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October 12, 2021

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Photographer captured development of Songjiang

WU Siyi arrived in Songjiang on a horse at the age of 18, shortly after the city’s liberation in May, 1949. He stayed, started his ca­reer as a photo journalist, and never left.

The first in the district to own a camera, he captured Songjiang’s ups and downs along with Shanghai’s and even China’s twists and turns over the decades with more than 40,000 photos.

The 90-year-old now has a blurred memory of the long gone past, but he still carries his camera in a homespun bag, and presses the shutter to take snaps.

“I’m too old to travel around,” he said. “But I can still make daily life records through lens.”

The most important photo Wu took was the first National Day of the People’s Repub­lic of China in 1949 celebrated on the Malu Bridge part of Middle Zhongshan Road in Songjiang.

It was on the eve of the founding of New China. A bamboo archway decorated with lights and pine branches was set up, por­traits of Chairman Mao Zedong and general Zhu De high on the top, and the big four Chinese characters “Wan Liu Gui Zong” (All the rivers running back to the sea) below.

Though black and white, the picture is ra­diant with pride and glory, as if the archway is shining in the clear night sky.

He photographed Songjiang’s first march in commemoration of International Women’s Day in 1951, the flag salute for the arrival of the Chinese People’s Volunteers (and the North Korean People’s Army) on the Songjiang Grand Playground, and the tear­ful farewell time when a young man said goodbye to his mother and fiancee before leaving for the army in Tinglin Town (today in Jinshan District) in the winter of 1956.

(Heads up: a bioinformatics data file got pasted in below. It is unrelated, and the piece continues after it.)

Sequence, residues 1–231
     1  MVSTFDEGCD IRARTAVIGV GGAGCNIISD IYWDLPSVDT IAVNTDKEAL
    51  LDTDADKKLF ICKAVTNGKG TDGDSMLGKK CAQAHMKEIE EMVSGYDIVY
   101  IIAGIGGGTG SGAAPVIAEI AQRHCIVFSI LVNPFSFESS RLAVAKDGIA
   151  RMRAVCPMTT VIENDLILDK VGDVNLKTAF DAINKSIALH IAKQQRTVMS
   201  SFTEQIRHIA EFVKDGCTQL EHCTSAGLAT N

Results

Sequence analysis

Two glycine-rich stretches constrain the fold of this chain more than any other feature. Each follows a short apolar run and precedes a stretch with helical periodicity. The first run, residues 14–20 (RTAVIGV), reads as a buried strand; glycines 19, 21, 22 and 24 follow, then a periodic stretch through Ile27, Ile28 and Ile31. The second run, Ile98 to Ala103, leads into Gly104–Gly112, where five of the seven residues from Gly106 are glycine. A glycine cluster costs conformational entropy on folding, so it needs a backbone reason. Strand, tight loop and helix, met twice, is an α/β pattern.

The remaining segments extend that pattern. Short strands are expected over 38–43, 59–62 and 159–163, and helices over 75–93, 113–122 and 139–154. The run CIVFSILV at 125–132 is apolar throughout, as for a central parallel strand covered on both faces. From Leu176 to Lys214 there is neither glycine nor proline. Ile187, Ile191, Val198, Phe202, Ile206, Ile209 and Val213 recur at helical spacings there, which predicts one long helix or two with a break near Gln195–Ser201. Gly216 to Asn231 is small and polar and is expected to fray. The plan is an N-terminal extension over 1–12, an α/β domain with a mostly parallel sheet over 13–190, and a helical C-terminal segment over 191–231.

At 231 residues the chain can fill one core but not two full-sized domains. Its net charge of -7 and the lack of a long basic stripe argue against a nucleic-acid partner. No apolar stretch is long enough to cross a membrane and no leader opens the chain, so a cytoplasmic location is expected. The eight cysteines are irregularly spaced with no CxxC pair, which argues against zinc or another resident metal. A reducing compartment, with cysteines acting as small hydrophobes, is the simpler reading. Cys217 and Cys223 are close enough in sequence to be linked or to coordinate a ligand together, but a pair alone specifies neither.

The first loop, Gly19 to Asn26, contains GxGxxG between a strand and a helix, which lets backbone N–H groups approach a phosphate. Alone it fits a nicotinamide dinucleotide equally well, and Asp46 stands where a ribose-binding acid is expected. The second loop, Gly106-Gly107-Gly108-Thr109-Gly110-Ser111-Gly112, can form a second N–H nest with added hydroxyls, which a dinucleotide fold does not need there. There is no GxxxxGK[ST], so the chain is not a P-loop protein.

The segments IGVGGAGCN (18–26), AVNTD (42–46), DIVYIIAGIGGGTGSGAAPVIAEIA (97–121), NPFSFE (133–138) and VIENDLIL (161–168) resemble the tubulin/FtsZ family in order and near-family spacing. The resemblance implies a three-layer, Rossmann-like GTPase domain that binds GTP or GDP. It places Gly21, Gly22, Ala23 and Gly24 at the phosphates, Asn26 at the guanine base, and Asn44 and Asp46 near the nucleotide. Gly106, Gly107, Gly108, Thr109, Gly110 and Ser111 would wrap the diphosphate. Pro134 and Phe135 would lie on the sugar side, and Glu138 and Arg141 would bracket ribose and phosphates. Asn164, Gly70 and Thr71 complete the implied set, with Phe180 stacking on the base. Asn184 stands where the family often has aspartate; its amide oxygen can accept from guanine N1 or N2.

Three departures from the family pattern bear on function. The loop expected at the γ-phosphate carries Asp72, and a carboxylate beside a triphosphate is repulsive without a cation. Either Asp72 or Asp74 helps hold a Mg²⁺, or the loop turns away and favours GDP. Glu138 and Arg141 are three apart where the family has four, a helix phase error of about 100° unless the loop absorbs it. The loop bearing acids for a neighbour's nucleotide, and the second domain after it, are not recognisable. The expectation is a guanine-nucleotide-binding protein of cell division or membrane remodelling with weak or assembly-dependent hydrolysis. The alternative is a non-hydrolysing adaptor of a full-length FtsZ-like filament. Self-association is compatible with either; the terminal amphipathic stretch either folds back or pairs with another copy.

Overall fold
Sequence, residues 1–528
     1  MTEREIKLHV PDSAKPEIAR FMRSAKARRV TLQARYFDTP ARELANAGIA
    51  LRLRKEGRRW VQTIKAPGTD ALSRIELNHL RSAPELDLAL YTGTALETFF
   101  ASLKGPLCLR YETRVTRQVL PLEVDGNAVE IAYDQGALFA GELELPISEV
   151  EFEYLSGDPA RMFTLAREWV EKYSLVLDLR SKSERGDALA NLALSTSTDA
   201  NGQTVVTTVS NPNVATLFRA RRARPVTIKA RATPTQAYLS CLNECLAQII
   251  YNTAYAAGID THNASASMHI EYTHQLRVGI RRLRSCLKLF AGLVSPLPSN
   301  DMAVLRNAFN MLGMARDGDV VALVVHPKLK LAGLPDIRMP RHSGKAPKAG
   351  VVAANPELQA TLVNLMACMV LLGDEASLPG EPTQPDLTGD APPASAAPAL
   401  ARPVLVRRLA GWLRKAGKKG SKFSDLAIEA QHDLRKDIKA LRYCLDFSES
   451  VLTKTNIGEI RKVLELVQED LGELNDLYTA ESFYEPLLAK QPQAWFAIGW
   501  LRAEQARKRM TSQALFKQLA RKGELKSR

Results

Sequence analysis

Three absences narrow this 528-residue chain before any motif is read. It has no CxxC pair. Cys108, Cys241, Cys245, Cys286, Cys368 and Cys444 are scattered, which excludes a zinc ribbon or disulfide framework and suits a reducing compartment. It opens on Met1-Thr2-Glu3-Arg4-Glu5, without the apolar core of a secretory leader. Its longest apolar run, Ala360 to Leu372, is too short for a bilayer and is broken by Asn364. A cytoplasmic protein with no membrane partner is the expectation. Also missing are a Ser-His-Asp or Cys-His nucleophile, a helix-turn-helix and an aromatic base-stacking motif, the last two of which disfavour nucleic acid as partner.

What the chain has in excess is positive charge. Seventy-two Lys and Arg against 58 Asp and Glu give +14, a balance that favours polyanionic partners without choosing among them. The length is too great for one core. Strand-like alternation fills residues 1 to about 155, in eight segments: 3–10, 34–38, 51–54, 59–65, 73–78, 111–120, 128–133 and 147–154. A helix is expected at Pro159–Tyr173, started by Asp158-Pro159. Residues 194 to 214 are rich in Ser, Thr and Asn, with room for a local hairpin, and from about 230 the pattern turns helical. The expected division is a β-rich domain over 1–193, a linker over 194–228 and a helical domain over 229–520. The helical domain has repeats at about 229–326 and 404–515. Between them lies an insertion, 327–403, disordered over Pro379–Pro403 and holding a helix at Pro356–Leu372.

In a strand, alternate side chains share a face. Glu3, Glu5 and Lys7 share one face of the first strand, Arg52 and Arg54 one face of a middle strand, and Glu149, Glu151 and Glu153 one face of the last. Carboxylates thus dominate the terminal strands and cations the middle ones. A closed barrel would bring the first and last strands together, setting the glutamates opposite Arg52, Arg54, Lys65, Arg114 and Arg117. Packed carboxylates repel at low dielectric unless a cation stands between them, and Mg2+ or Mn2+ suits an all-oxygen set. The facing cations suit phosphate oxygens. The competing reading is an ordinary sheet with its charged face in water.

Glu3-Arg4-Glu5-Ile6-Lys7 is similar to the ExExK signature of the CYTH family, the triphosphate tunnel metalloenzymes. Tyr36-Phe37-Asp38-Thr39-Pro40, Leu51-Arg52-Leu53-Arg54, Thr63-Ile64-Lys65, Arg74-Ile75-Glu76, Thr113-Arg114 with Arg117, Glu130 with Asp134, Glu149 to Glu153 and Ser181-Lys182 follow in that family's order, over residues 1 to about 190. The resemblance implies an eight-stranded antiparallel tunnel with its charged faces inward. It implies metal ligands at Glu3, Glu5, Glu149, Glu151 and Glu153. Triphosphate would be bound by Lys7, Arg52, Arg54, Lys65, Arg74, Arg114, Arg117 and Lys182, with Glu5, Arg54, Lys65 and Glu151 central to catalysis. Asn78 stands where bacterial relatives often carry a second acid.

A major part of Wu’s photos were focused on agriculture, a staple industry of Songji­ang at that time. Located on the outskirts of Shanghai, the district is blessed with large patches of farmlands and crisscrossed wa­terways and was once a major rice and food producer for the city.

In a photo taken in 1952, two farmers are treading hard on a waterwheel in a rice paddy. In those days, local farmers mostly used manpower to draw water for irriga­tion, a low-efficient and laborious method. So some well-off farmers raised funds to buy a windmill, which greatly improved efficiency.

During the Great Leap Forward (1958-60), Wu ventured to the Northern Town Com­mune and snapped a grain sieve scene, where two young girls from the local insec­ticide factory are working happily in the cool summer night. On the wall behind them, the slogan reads, “Waste no time in August and September to have a bumper harvest before the National Day.”

The photographer recorded many key events and historical moments of Songjiang, which offers a glimpse into the district’s development. He shot the completion and test run of the district’s first electric irriga­tion machine of East Town Commune, the renovation project of the Huangpu River’s bank by ChangLou Team, and the opening of Songpu Bridge, the first construction span­ning on the Huangpu River.

As a publicity official, Wu could not free himself from intense social and political events. However, he also took a great num­ber of pictures that were “non-political” with his own intuition and interpretation of photography.

Wu pressed the shutter to capture the look of hunger on children’s faces in the late 1950s, years of scarcity. Photos like this were not allowed to be published at that time, but today they offer us a clue to know more about that history. Perhaps the photog­rapher was subconsciously trying to break out of politics by shooting daily scenes, which has saved us some precious visual documents about people’s real life.

Most of the original film of Wu’s works were damaged or lost in the years of turmoil. It took him a lot of effort and even risks to save the rest. After the reform and opening-up, he opened his files to take a new look at those old, dog-eared photos.

In 2009, Wu donated all of his works to the Songjiang Archives Center, and spent years filing and sorting them. But the project is still ongoing today because many photos are hard to be date and the photographer cannot recall events exactly. Even so, they offer us a panoramic view as well as a close-up of Songjiang’s past.

“These precious pictures are a visual mem­ory that plays an important role in studying Songjiang’s changes and development,” said Gu Zheng, a professor from School of Jour­nalism, Fudan University. “Wu saved these memories for the future.”


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